• Abstract: The Gulf has become a flashpoint for cyber conflict. Cyberspace has become an arena for covert struggle, with the United States, Israel and other nations on one side, and Iran and Russia on the other. Iran has far outpaced the GCC states in developing its cyber capabilities, both for monitoring internal dissent and deploying hackers to disrupt or attack foreign targets. Several such attacks over the past two years were likely either directed or permitted by Iranian state authorities. Even if Iran holds back from offensive actions as nuclear talks progress, the growth in Iranian capabilities remains a potential security threat for other Gulf states. The GCC countries have begun to develop their defensive capabilities, but they will need to expand their defenses and collaborate more effectively to deter future threats.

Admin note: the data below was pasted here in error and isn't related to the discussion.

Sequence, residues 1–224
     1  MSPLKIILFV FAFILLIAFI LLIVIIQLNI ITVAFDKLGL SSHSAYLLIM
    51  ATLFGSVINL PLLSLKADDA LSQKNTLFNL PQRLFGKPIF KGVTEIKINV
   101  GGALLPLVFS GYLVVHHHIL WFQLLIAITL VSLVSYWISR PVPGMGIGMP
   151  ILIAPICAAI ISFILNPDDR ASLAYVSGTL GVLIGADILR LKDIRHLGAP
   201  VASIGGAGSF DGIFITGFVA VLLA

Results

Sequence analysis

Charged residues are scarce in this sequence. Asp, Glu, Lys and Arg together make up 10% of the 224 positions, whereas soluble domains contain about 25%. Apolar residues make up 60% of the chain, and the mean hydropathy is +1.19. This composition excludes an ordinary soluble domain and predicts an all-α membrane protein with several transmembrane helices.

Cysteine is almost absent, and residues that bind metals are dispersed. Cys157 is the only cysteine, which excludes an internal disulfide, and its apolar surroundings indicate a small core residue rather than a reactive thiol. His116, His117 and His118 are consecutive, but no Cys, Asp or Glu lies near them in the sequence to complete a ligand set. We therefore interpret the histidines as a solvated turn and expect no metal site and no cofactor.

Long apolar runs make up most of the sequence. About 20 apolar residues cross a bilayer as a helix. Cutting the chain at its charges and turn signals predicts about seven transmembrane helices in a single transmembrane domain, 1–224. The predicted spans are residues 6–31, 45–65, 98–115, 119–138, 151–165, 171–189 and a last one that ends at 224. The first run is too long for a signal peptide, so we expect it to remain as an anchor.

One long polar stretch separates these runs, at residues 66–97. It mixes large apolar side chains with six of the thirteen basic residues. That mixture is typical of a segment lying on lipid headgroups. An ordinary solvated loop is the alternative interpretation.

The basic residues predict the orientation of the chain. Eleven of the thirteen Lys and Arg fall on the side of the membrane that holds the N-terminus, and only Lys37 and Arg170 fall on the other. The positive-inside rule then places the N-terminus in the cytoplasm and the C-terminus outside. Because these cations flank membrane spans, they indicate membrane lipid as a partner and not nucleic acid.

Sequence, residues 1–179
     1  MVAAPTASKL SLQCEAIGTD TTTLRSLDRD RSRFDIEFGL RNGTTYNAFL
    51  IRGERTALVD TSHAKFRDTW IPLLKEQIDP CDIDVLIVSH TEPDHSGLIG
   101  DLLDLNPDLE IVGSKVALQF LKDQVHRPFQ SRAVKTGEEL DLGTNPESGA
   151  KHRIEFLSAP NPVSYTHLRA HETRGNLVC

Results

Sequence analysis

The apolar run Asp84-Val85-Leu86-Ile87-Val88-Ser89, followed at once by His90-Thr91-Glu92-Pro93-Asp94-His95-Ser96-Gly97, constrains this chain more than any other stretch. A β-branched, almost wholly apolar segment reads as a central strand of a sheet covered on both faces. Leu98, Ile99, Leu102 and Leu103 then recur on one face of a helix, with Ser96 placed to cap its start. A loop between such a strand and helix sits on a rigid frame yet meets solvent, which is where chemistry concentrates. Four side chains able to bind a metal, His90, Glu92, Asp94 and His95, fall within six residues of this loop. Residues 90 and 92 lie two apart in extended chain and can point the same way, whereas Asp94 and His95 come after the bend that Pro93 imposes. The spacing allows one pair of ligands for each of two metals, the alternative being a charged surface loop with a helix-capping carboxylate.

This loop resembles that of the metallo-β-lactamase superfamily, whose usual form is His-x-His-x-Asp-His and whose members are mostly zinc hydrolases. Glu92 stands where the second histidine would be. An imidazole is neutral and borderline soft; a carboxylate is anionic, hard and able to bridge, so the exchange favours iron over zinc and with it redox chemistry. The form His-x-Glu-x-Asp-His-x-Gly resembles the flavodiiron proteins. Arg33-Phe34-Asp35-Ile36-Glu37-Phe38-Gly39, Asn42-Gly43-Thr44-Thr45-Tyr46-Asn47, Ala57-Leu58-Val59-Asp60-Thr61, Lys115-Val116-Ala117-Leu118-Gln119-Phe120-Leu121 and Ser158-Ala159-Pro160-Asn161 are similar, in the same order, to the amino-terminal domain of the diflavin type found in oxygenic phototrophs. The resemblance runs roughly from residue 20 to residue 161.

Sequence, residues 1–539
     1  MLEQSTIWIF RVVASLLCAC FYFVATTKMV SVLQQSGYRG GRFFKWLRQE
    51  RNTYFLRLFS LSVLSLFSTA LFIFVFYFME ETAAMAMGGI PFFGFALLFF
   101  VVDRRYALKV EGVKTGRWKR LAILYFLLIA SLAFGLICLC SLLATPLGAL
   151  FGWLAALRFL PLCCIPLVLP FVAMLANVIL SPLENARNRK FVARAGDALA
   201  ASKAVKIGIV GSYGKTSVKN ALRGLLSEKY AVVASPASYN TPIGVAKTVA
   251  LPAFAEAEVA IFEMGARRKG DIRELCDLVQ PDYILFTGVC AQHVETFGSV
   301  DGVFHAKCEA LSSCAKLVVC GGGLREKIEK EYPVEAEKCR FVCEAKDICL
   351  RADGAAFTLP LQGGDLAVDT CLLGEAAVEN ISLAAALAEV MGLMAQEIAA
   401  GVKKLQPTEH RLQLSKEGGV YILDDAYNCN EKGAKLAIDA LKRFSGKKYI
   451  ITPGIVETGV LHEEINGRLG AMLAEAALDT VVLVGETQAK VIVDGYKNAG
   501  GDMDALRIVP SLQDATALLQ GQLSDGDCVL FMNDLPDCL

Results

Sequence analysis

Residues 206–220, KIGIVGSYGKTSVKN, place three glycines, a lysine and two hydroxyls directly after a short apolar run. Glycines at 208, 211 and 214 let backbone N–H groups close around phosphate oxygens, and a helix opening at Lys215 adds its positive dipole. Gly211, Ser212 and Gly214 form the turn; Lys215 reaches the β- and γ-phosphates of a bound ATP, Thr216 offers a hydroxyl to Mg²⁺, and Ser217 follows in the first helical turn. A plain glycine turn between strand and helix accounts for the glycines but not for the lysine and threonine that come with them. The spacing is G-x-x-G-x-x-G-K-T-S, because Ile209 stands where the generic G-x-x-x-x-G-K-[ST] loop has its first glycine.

• Topic: Conflict Resolution, Security, Defense Policy, Development, Science and Technology
  • Political Geography: Russia, United States, Iran, Middle East, Israel, Arabia
  • Author: Anthony H. Cordesman
  • Publication Date: 01-2013
  • Content Type: Working Paper
  • Institution: Center for Strategic and International Studies
  • Abstract: US “independence” from energy imports has been a key source of political dispute ever since the October War in 1973 and the Arab oil embargo that followed. Much of this debate has ignored or misstated the nature of the data available on what the US options are, as well as the uncertainties involved in making any long range projections.
  • Topic: Security, Foreign Policy, Energy Policy, International Trade and Finance, Oil
  • Political Geography: United States, Middle East, Arabia